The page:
Chamber in the News
By carefully developing and scrupulously maintaining a culture based on sound governance, exemplary leadership, transparency, and accountability, and a business ethics that rests upon the six principles of Character Counts!, the Chamber has become an influential advocate for the business community and the community at large and, at the same time, it has been also extraordinarily successful in being portrayed accurately by the news media.
Morevoer, our strategically selective and low-key approach in addressing a variety of business and social issues has yielded significant goodwill and results, and has enabled the Chamber to maintain high visibility in the community and be a consequential player in local and regional affairs.
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Most of its members are in Maryland, with others in Washington, D.C., Virginia, Delaware, Pennsylvania and West Virginia. It has five chapters in Montgomery County, and one chapter each in Prince George’s, Frederick and Washington counties. Founders Marcelo Isaak and Luis Diaz have since moved on to other business opportunities, but Jorge Ribas stuck with the chamber and is now its president and CEO.
December marks the fifth anniversary of the incorporation of the Mid-Atlantic Hispanic Chamber of Commerce, and Jorge Ribas hopes next year will be better. The Hispanic chamber started as a volunteer-run organization with two business memberships, said Ribas, chamber president.
Prince George’s County is revving up its international outreach efforts for business and trade partnerships with companies in Latin America and the Caribbean Basin. ‘This is not a Hispanic meeting. This is a business meeting,” said Jorge Ribas, president and CEO of the Mid-Atlantic Hispanic Chamber of Commerce, one of the sponsors. ‘‘We encourage every company that has business interests in Latin America or would like to enter the Latin American market to attend this summit.”
After giving his welcoming remarks in Spanish to Hispanic parents filing into the auditorium of Northwestern High School yesterday, Prince George's County School Superintendent John E. Deasy worried that with his less-than-perfect command of the language, his invitation -- "We want you to visit your child's school" -- might have sounded like an order, "Visit your child's school!"
More than 1,000 people are expected to attend a Dual Language Parent Summit on Saturday where parents will have the opportunity to learn about the Prince George’s County Public Schools in both English and Spanish. School board member Rosalind Johnson said the summit developed from a May meeting she had with Jorge Ribas, president and CEO of the Mid-Atlantic Chamber of Commerce. Ribas told her that Hispanic parents were having difficultly understanding what was going on in the schools and navigating the system.
Marta Trumble moved to the United States from Colombia about 10 years ago, but said she still cherishes her South American culture and wants to pass on that pride to her two daughters. “It’s something only I can give them,” the Hagerstown resident said.
The market’s immigrant owners envision a bustling kitchen staff of five serving Peruvian dishes from a charcoal grill. The Don Chicken carryout will be behind a wall dividing it from the market products. Just off Alt. Route 40 on the Golden Mile, Metro Market 2 is the first Latino-owned business in Frederick County to secure a loan from the Latino Economic Development Corp. of Wheaton, for the expansion.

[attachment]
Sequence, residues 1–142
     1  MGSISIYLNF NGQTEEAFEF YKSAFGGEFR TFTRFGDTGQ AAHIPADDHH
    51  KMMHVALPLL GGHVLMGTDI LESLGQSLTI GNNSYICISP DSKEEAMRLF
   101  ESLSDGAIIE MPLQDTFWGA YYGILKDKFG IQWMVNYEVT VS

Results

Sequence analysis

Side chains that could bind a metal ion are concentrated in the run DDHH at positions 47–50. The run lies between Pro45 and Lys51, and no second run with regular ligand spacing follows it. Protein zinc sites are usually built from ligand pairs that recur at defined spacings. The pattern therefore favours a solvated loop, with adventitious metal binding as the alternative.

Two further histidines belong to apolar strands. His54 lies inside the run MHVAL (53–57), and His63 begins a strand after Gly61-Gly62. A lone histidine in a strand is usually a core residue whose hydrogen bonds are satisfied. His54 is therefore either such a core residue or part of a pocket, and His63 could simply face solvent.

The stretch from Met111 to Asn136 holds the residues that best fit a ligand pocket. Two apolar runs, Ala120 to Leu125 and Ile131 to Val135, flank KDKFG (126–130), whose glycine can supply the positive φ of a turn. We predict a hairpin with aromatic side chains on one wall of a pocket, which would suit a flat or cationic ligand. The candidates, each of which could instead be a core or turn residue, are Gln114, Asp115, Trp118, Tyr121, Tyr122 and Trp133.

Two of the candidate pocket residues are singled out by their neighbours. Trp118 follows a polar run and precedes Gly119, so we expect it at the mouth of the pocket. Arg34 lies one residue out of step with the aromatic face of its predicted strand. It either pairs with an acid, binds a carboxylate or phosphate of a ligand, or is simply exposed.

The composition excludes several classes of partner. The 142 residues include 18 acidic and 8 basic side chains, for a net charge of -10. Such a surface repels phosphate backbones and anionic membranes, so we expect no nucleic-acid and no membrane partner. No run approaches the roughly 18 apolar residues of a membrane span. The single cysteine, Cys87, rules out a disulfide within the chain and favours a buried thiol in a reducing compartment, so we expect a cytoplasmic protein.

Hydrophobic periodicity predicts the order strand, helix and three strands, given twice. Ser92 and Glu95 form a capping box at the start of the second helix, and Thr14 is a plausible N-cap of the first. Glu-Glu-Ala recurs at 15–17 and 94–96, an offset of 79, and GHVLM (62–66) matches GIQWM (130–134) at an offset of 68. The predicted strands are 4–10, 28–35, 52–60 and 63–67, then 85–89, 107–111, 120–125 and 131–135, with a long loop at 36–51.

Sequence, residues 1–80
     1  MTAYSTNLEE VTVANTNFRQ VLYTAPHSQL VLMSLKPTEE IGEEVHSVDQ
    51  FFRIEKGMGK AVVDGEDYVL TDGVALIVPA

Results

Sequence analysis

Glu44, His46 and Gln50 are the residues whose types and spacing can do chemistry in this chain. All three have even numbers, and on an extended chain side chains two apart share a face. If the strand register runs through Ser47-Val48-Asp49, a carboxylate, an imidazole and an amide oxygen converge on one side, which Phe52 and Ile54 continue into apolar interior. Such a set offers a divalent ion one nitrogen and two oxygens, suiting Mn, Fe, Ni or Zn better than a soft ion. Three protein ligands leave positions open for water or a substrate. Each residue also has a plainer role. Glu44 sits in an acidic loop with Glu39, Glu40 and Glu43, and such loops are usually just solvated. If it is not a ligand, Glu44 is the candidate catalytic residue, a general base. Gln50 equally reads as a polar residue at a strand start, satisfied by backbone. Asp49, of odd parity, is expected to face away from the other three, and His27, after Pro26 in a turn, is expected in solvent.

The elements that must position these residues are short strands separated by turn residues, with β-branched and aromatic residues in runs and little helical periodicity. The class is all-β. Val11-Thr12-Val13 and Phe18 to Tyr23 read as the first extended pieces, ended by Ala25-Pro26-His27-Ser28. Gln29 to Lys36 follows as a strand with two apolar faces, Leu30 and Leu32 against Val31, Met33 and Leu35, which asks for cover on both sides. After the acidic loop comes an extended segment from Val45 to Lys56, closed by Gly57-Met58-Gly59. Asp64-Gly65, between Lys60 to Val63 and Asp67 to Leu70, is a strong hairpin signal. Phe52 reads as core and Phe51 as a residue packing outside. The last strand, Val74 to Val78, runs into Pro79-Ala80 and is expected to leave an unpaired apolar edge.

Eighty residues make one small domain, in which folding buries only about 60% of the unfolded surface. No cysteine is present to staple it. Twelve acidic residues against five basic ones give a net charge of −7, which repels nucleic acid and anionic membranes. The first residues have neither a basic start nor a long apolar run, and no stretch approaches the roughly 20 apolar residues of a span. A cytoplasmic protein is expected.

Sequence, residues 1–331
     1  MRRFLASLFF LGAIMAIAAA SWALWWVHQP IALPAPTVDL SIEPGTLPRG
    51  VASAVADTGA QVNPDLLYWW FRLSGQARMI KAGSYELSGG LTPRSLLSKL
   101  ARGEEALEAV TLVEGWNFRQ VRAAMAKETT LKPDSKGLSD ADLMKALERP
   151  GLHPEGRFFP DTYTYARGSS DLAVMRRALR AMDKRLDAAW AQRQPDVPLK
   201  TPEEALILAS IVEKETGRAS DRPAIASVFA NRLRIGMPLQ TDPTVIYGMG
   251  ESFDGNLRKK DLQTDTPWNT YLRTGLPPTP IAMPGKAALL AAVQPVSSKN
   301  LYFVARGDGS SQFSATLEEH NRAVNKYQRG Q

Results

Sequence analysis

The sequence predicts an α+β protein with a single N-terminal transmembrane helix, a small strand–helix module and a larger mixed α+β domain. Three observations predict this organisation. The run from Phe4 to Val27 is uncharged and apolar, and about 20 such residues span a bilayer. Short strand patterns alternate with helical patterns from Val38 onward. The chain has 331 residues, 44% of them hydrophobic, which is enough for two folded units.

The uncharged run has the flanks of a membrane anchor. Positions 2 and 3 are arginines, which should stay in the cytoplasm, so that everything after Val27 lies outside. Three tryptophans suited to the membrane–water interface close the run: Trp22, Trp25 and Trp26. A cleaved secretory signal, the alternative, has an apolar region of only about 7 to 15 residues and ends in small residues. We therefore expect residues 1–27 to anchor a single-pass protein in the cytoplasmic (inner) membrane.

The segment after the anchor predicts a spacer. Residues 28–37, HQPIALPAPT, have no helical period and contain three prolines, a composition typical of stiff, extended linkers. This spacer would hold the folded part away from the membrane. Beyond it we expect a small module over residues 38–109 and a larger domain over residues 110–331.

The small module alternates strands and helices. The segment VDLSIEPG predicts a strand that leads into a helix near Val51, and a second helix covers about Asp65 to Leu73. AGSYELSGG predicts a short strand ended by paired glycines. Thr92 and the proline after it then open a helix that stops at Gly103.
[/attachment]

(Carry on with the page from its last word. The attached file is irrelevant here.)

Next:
The race for the Democratic nomination in Maryland's 4th Congressional District cranked up last week with the first debate of the campaign season. Sort of. The Mid-Atlantic Hispanic Chamber of Commerce hosted the lunchtime candidates forum over sizzling fajitas and plates of enchiladas at Ay! Jalisco Restaurant in Gaithersburg.
The first in a series of debates and forums being held for congressional candidates in District 4, which spans parts of Montgomery and Prince George’s counties, kicked off Wednesday in Gaithersburg with a discussion on immigration. But U.S. Rep. Albert R. Wynn (D-Dist. 4) of Mitchellville, who is seeking his ninth term in office in the Feb. 12 Democratic primary, prompted some grumbling from his challengers for sending a substitute.
Hagerstown's first annual Hispanic Festival is sure to be the best ethnic fiesta in the area.
The four members of the Hispanic Committee became friends and together decided to do something positive for the Hispanic community. "
With Labor Day over, it's time for the campaign for the contest for the Democratic nomination in Maryland's fourth congressional district to get started in earnest. The Mid-Atlantic Hispanic Chamber of Commerce hosted a debate yesterday for the candidates over sizzling fajitas and plates of enchilladas at Gaithersburg's Ay! Jalisco Restaurant.
At the first debate of his 2008 campaign, Rep. Albert Wynn (D-Md.) endured criticism from primary challenger Donna Edwards and even the debate sponsor, but he was not there to defend himself. Edwards continued to accuse Wynn of not taking the election seriously and joined the sponsoring Mid-Atlantic Hispanic Chamber of Commerce in criticizing his constituent service.
Whether painted, carved or stitched, Gaithersburg’s inaugural City World Market hosted a fresh outlet for the arts during the Celebrate Gaithersburg festival in Olde Towne last fall.
Each time YaVonne English recounted how she lost her house in Silver Spring, she was on the verge of tears. Three years ago, she said, a series of financial setbacks led her to seek help from unscrupulous lenders.
A broker referred her to an investor whose wife was a real estate agent.